I remember looking at Paul and saying, “There goes Swifty”, a reference to the mechanical rabbit that took off in an endless loop to lure the greyhounds at the dog track into a pointless chase.

I remember how much I felt like one of those greyhounds on that last day of summer, about to begin my own never ending race to get myself around the track, knowing that I would never even come close to that pretend rabbit.

I remember it so well.

But now I need to look beyond that race, beyond the idea of life as a series of school years.  September will no longer be my beginning.  June will no longer be my end.

For the first time in so many years, maybe I can begin to see my life as an unfolding road, rather than a circle running around and around in the same narrow track.  Maybe this year I can learn to love the warm golden days of October, and to embrace the coming of winter.

Maybe I can focus on the harvest, instead of the classroom assessments.

Slowly, carefully, hopefully, perhaps I can reinvent myself yet again, and find myself a spectator, rather than a racer on that endless repeating track of school days and holidays and school vacations.  Maybe I can detach myself just a bit from that world, and find myself at home in a slower paced walk along the path that meanders from year to year.

Maybe I will be able to reinvent myself once again.

I hope so.

Teaching as baseball…. a metaphor

MLB 2013: Yankees vs Dodgers JUL 30

The cool thing about Derek Jeter is that he went out while he was still on top. He was still “Derek Jeter”. You know?  He wasn’t a has-been. He wasn’t that sad old guy that made everyone feel bad when he came up to bat.

The same is true of Michael Jordan. He was still “Michael”.  Sigh.  Best looking basketball player since Gerald Henderson.  He was Michael. He was a basketball GOD.

Maybe teaching should be the same.  Maybe those of us who were stars back in the day should learn how to gracefully step aside while we are still “My Favorite Teacher!”   Maybe we should accept the fact that time goes by, teaching trends shift, expectations change.

Today I had a very emotional day.  The PTSO came to show me the books that were purchased in my name for the school library. I read the words: “In appreciation for the many years of service”.  I teared up, big time. I imagined years of children pulling the books off the shelf and seeing my name.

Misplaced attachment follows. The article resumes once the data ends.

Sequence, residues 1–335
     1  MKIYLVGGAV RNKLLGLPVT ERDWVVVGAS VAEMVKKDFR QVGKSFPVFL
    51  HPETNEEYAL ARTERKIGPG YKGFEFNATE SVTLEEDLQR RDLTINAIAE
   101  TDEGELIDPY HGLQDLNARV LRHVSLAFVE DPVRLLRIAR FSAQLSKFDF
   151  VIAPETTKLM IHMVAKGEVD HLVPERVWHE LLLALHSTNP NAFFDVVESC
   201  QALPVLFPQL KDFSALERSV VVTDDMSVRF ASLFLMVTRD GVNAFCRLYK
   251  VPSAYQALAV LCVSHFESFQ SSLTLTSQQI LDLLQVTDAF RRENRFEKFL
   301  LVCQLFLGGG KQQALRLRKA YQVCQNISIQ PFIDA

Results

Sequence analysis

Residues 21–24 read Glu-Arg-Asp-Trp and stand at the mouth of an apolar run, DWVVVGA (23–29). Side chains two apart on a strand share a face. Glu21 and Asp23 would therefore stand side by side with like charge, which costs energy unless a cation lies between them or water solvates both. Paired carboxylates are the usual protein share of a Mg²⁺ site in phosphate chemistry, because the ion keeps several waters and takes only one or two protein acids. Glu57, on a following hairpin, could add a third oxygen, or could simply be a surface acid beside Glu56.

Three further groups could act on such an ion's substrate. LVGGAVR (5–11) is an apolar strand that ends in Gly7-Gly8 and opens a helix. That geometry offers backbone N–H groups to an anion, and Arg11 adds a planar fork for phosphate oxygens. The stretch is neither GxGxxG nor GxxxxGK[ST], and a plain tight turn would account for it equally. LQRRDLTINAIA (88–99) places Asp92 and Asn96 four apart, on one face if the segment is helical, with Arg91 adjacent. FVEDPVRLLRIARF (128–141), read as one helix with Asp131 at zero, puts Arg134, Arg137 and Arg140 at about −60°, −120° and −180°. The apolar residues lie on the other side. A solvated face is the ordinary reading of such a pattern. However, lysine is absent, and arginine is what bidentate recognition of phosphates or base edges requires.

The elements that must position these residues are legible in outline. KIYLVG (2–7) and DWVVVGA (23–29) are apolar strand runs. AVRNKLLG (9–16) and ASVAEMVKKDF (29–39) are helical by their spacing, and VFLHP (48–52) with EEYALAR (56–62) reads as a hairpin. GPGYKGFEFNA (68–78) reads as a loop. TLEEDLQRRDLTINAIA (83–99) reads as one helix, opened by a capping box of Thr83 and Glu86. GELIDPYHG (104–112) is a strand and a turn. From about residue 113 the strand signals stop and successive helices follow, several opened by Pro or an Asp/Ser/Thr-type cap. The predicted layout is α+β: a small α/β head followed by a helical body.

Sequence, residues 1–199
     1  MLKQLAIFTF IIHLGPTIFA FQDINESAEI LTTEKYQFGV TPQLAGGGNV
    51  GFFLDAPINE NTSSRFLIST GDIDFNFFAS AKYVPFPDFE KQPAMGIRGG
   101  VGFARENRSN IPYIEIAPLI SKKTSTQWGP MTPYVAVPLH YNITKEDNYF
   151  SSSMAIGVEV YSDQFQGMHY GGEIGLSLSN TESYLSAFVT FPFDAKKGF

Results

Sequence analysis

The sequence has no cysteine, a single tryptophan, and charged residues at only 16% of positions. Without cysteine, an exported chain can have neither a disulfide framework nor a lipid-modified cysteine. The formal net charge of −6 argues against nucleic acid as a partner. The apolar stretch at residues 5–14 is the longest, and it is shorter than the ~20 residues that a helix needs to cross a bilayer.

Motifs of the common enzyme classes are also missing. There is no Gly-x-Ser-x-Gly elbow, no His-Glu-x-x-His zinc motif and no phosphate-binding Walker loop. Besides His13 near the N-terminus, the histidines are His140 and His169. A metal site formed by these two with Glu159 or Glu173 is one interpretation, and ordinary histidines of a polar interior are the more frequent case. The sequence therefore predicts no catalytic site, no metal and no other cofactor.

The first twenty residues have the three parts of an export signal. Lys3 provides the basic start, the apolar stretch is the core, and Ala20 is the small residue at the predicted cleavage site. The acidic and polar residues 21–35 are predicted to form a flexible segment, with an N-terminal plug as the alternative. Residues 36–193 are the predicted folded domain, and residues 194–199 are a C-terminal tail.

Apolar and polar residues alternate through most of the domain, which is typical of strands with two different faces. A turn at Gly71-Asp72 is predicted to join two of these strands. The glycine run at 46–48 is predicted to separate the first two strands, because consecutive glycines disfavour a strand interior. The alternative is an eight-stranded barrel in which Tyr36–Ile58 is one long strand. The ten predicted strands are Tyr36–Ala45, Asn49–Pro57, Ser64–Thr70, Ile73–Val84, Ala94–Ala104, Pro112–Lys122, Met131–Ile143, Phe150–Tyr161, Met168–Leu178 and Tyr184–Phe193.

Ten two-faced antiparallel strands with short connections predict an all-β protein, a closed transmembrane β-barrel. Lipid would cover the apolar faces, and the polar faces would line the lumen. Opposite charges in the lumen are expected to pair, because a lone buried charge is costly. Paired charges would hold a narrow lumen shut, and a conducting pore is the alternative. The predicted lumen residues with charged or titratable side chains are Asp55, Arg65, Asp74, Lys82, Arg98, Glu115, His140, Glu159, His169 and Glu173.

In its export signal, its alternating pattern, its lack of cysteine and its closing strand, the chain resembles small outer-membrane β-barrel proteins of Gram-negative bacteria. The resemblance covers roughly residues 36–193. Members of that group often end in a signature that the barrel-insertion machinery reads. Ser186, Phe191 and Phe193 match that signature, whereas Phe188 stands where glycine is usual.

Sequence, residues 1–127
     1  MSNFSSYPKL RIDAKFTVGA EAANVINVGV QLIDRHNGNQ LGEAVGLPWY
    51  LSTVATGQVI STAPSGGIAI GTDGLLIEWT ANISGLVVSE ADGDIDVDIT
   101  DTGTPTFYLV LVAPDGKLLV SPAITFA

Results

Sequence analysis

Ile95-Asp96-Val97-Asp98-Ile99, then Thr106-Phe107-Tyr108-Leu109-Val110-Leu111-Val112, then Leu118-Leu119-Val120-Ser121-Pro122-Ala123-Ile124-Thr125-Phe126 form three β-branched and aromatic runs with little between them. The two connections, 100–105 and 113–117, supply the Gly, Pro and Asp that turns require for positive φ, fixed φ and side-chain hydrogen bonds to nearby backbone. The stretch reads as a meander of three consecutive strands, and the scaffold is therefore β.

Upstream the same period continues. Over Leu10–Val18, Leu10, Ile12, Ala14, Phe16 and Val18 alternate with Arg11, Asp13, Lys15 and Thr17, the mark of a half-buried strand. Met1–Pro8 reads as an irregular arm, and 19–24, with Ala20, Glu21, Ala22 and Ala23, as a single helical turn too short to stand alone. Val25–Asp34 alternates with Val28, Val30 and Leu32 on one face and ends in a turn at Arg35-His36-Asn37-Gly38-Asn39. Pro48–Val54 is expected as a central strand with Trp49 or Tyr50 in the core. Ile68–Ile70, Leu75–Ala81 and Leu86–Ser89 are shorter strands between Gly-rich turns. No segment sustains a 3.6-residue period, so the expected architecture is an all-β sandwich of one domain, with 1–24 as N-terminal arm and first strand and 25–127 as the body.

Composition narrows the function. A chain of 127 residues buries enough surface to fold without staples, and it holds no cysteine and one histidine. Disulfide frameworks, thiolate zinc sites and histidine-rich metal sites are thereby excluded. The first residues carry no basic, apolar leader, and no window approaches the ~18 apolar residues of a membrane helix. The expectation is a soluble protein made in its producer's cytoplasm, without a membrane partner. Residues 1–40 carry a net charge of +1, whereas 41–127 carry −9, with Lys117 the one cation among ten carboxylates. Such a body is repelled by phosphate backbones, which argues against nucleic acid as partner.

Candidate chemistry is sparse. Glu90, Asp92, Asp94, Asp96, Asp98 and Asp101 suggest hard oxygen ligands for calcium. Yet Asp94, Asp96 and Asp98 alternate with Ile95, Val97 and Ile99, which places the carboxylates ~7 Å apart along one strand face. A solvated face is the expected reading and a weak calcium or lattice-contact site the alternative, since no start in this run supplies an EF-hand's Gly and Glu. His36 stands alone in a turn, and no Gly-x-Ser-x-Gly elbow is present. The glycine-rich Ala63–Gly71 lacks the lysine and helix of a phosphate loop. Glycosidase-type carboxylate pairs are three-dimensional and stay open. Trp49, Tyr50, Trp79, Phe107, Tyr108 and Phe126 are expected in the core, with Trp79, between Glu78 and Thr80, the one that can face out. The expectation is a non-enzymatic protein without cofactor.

I pictured them asking each other, “Who’s this?”

I suddenly understood: if the old guard doesn’t step aside, the new stars cannot emerge.

I was really good at my job.  Oh, I was no Derek Jeter, but I was a pretty good utility infielder.  I had my time. And now that time is over.

I want to be Derek Jeter. I want to go out gracefully, maybe with a home run to celebrate the end of my career.

I don’t want to be Brett Favre.  I don’t want the young people to feel sad when they see me desperately trying to hang on to my glory days.

Today I met the young man who will be joining our team in my place.  He is alert, energetic, excited.  He is smart and happy and ready to go.

He is the new star.

I need to wish him well, hand over my favorite bat, and bow out gracefully.

For once in my non-athletic life, I need to share something with the admirable Derek Jeter.

Letting go, moving on…..

It’s the very end of the year.

I always try to let the kids help me as I pack up the classroom for the summer. I know that some teachers feel that its too hard on the kids to watch their classroom being taken apart in these final days.

But as a teacher of those tender, smart, observant fifth graders, I have always felt that it is a healthy part of saying “goodbye” to have the kids participate as I “close up shop”.   We work together, my kids and I, taking down posters and finding the dried up markers.  We organize the books, we clean out the supplies.

I think that it is helpful for them to thoughtfully pack away the sweet memories of our time together.  We laugh, we sigh, we carefully fold up the year and put it into a safe place.

Usually, this process brings me a bittersweet joy.  Usually, it helps me to think, “Good bye, beautiful children!  Hello, next crop of kids!”